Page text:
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'Slap Echo' please help !

Discussion in 'Home Cinema Buying & Building' started by 0B1-1, Apr 19, 2005.

  1. 0B1-1

    0B1-1
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    Guys,

    I have a lot of slap echo at the screen and front speaker end of my home theatre garage conversion. Would a sheet of say 2" thick x 72" wide x 40" tall (approx) foam (ulphostery type?) behind the screen make any difference? (basically, the foam would be hidden behind my 72" wide 16x9 manual pull down screen)

    I don't want to put any stuff on the side walls if I can help it as the room is only about 8 feet wide. the rear of the room is quite deadk as this is where I have a large sofa. The room is carpeted and there is a deep pile rug near the screen running the width of the room
     
  2. mattym

    mattym
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    the slap echo is caused by the walls that you dont want to treat, you would need to do something on them to cure it though, you could hang carpet or rugs on the wall, that would do it(in the correct place of course)

    If you wanted to buy treatments to stop it, you could try our Profoam or Absorbor..

    if your interested, i have a review of profoam from way back in 99!

    *edit*
    our absorbors are only 25m thick, so you wouldnt lose too much room space...
     
  3. Gary Lightfoot

    Gary Lightfoot
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    I used ordinary cheap rubber backed black carpet from Carpet Right on my screen wall and grey carpet (to match the wall colour) on the lower half of my side walls. I used thick wallpaper paste to glue it so that it could be removed easily at a later date if required. It cured my room of the slap echo, but isn't scientific in application unlike Matts products which will treat a wider range of frequencies I would think. Pics via my link at the bottom.

    You can use a mirror to see where the first reflection points from the speakers would be and treat those parts of the walls only. Matts products would be ideal for that I would think.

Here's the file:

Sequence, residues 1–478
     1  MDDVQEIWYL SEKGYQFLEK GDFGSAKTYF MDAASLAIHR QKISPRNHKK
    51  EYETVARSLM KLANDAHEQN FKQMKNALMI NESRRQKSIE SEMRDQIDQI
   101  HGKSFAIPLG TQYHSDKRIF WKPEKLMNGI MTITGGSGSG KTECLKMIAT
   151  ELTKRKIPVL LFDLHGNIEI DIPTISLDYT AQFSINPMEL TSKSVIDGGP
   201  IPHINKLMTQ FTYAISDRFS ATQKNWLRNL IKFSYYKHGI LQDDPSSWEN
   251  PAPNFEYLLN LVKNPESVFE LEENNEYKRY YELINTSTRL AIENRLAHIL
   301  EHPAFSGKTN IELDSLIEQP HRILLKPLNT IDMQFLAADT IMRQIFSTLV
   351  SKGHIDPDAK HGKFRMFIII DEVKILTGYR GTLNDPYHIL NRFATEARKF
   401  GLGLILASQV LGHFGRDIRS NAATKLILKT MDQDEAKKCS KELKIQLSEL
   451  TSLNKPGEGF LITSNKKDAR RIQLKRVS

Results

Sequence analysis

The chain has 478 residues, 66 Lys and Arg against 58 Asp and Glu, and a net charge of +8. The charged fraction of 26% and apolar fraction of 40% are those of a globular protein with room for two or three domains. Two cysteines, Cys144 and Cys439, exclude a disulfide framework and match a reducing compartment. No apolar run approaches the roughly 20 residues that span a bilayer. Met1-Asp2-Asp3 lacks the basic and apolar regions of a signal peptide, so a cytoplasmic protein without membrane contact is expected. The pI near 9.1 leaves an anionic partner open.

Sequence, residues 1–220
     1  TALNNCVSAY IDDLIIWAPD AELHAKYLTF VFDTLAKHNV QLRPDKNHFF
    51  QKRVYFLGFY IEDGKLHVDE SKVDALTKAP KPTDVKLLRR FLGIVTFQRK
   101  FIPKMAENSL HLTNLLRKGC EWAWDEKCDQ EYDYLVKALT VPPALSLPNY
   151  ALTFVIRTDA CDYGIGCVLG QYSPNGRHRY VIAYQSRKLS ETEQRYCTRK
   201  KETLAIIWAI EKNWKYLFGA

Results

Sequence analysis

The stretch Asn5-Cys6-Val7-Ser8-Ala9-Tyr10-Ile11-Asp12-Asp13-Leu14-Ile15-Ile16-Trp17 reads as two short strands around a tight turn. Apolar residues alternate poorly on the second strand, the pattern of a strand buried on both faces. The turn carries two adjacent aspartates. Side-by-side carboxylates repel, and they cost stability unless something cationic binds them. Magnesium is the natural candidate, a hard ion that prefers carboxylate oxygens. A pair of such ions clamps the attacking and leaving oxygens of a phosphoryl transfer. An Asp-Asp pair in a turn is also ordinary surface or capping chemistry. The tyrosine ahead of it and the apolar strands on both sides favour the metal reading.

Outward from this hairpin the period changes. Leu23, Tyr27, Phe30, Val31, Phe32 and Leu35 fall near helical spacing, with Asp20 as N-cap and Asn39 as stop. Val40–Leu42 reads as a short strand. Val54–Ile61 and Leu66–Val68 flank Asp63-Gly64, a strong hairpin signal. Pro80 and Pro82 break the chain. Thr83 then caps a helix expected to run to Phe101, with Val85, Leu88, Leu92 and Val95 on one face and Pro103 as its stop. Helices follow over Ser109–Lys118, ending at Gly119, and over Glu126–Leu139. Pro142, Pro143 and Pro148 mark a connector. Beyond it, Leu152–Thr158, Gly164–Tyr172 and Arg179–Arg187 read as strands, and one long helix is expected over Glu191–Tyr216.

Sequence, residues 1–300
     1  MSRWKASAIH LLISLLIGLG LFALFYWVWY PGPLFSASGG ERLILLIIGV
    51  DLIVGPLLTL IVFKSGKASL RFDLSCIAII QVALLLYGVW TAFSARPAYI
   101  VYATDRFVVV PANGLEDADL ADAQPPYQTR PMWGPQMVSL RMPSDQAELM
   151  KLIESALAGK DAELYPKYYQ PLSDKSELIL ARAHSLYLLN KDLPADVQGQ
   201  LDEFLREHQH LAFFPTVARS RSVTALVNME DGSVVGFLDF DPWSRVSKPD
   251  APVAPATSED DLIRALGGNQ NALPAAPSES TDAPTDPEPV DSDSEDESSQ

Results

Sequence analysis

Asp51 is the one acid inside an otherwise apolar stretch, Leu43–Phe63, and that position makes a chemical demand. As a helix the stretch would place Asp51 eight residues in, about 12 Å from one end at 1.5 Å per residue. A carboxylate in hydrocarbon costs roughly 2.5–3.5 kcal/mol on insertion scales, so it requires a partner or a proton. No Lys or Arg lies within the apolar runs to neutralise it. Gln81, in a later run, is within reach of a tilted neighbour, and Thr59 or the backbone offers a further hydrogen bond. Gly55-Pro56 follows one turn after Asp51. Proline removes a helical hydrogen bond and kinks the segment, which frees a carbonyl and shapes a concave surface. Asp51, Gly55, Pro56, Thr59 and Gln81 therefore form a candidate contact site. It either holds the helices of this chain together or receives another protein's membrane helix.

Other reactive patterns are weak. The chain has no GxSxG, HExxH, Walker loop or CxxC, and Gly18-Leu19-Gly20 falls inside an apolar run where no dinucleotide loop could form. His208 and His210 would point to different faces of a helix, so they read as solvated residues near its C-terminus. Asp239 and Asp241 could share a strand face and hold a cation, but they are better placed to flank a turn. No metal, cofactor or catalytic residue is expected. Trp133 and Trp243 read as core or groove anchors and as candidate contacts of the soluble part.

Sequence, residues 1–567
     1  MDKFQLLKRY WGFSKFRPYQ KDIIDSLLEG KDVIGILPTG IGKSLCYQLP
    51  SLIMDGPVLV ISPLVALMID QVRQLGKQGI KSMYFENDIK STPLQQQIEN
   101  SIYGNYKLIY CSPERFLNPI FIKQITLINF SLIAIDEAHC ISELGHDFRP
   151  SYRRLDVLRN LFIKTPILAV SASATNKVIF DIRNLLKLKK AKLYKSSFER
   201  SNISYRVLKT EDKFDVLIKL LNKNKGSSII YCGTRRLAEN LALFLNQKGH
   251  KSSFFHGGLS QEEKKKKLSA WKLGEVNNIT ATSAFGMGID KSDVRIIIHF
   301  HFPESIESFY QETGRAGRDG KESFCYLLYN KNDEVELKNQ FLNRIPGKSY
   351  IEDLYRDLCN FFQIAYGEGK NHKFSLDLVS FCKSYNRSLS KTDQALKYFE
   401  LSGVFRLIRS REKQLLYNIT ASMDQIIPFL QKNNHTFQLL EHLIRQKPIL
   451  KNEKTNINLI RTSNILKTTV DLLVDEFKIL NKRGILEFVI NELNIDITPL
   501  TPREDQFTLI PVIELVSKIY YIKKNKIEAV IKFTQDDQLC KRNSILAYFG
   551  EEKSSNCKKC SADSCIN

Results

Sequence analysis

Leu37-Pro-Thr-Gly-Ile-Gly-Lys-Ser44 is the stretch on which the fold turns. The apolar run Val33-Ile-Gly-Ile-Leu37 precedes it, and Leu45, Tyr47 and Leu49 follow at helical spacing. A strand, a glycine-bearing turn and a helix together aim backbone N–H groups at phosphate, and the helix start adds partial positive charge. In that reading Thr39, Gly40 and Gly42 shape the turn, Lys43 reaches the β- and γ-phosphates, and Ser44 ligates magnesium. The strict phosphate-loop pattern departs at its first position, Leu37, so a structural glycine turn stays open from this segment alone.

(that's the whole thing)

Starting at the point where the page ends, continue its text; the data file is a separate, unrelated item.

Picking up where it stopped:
If I remember correctly, you use the mirror by sitting in your viewing position. and placing the mirror on the wall - move it until you can see the speaker and that's where the first reflective point will be, so that's the part of the wall that should need treating. If that's not correct, hopefully someone will jump in and tell me otherwise. :)

    Gary.
     
  4. 0B1-1

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    Gary, it all sounds a bit complicated. Are you saying that the foam behind the screen would make NO difference to the room acoutics at all? Like I said, I dont really want to put anything on the wall if I can help it, the problem is the costs (and the wife won't be happy!). I've just spend over £10k on the garage conversion (including the AV kit) and I would not know how much foam to buy or where it should go!
     
  5. Killahertz

    Killahertz
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    Yes, that's spot on (nice room by the way :) ). With the mirror on the left wall, come towards the listening/viewing position until you see the lefthand speaker reflected in the mirror, and mark the point. This is a primary point of reflection. You can continue towards the listening position until you see the reflection of the righthand speaker, and mark that point. This would be considered a secondary reflection point (in real terms, and in terms of treatment priority). Do the same for the righthand wall, as well as the floor and the ceiling. As far as the latter goes, if there is modest height, and/or distance from the listener, this is an ideal location to consider diffusion over absorption.